BETHLEHEM — The mother of a developmentally disabled boy who was killed in 2007 by a caretaker at a state facility in Niskayuna at the age of 13, has just published a short story in a Chicken Soup for the Soul book titled “Angels and Miracles,” released on the first of this month.
The story, called “Riding a White Horse in Heaven,” tells of the dreams that Jonathan Carey’s parents had about their son in the weeks following his murder—Lisa and Michael Carey both saw their son, who had been an enthusiastic lover of horses, riding a white horse while wearing a breast plate and wielding a sword.
Shortly after they initially spoke of that shared dream, they attended a memorial service at the facility where Jonathan was killed and saw a photograph of their son they had never seen. He was leaning over a fence to kiss a white horse.
“It basically just confirmed to Mike and I that Jonathan was riding a white horse in heaven,” said Lisa Carey. She discovered a Bible passage that she says helped to give her family comfort in those first terrible months—Revelations 19:14, which reads, “The armies of heaven, dressed in fine linen, white and pure, follow Him on white horses.”
“We both felt our dreams were like a picture of him riding with the armies of heaven,” said Jonathan’s mother.
Three months after those events, New York state passed “Jonathan’s Law,” due to the efforts of his parents, who actively sought justice for the death of their son. The law requires facilities to notify parents and guardians of any incidents that involve their loved ones and gives them access to incident reports and records of abuse that had previously been sealed. An inability to access such records is how Jonathan’s parents were kept ignorant of years of abuse their son underwent at two different state facilities, years of abuse that left Jonathan with a PTSD diagnosis and eventually led to his death.
Since that law, the Careys have managed to get other legislation passed, including: a ban on the withholding of food as a behavior modification tool, something that Jonathan Carey’s caretakers did when he was just ten years old; a bill to study the effects of overtime on the behavior and performance of employees who work with the disabled; and a bill that increased the penalty for endangering the welfare of a disabled person from a misdemeanor to a felony.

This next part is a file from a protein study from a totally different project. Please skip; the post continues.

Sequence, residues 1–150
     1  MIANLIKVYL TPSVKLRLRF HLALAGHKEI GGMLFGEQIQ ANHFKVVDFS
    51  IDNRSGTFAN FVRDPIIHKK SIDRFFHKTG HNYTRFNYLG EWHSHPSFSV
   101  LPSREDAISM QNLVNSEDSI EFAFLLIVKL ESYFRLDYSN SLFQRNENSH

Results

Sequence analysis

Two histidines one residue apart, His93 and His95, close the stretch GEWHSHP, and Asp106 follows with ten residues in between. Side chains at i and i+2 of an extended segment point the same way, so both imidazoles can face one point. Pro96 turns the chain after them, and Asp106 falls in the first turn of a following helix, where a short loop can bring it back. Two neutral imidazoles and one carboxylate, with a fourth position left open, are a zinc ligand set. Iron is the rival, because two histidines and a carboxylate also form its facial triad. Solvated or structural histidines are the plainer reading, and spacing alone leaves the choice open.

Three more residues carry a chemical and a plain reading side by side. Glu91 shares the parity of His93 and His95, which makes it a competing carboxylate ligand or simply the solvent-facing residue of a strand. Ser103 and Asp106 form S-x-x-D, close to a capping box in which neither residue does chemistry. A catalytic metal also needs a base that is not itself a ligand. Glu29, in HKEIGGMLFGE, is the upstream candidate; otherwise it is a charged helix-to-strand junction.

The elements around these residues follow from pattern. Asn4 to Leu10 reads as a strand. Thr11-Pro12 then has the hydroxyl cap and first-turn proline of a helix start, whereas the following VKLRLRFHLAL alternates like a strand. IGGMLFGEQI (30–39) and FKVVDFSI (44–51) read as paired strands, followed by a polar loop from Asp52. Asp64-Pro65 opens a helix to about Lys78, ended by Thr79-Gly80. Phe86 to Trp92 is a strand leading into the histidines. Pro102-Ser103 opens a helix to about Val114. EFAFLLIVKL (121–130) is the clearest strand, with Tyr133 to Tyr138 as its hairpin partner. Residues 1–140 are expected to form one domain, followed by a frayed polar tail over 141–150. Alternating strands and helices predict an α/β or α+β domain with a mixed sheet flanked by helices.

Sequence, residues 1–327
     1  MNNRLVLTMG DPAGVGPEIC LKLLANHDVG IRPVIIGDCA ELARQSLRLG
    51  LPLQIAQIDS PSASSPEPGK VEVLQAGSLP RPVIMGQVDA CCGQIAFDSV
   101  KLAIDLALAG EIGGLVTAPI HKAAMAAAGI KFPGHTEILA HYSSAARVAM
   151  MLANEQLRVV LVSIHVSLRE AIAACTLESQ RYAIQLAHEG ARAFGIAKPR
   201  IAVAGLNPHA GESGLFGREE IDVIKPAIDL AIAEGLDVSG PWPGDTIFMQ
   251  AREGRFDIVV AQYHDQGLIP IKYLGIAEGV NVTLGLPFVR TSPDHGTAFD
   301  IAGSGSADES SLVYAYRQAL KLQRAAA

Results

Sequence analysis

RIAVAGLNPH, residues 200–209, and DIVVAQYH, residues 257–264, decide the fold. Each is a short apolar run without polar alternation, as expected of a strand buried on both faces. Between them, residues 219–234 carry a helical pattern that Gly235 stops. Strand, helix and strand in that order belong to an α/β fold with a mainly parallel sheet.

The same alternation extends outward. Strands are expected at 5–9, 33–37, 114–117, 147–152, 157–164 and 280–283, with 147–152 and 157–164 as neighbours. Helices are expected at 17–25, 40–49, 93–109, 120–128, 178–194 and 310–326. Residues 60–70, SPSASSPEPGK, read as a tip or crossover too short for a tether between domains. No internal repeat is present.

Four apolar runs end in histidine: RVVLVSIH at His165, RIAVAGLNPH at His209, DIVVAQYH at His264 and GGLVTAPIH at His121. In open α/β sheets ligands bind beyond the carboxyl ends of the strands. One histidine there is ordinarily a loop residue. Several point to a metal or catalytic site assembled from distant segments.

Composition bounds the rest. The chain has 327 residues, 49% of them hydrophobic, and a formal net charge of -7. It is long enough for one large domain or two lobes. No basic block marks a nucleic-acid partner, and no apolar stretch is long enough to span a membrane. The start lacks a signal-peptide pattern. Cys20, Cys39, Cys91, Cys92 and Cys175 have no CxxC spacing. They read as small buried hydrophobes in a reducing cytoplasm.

In 2008, they managed to change the definition of Social Services Law 412, which previously stated that children in residential care had to be at serious risk of death, protracted disfigurement, bodily organ damage, have protracted physical or emotional damage, or be sexually abused to be considered abused by New York state—anything less was deemed “unfounded.” The new definition expands the definition of abuse to include when a child is kicked, choked, burned, slapped, punched, smothered or suffers any such similar incident, despite the level of damage to the child.
Lisa Carey’s story was chosen from 5,000 entries to run alongside 100 other selected authors in “Chicken Soup for the Soul: Angels and Miracles: 101 Inspirational Stories about Hope, Answered Prayers, and Divine Intervention.” The book came out on Nov. 1 and can be purchased on Amazon or at your local bookseller.
Carey has also written a full-length, non-fiction book, not yet published, about the experiences her family went through trying to care for their son and then dealing with his death. She says she writes to share with others, particularly those who may be dealing with similar challenges, so they might benefit from her experience as they navigate the waters of trying to secure care and justice for loved ones. Currently, she said, she is looking for the right literary agent.
Lisa Carey and her husband continue to seek justice for disabled individuals who suffer abuse at the hands of their caretakers. “I really believe the 911 bill needs to be passed,” she said. “That bill would require people to call 911 in situations of emergency or abuse of the disabled, which currently does not happen. That’s a civil rights issue. We believe 911 was created for all people.” The Careys have been working to get the 911 legislation passed for nine years, according to Lisa. But they haven’t given up.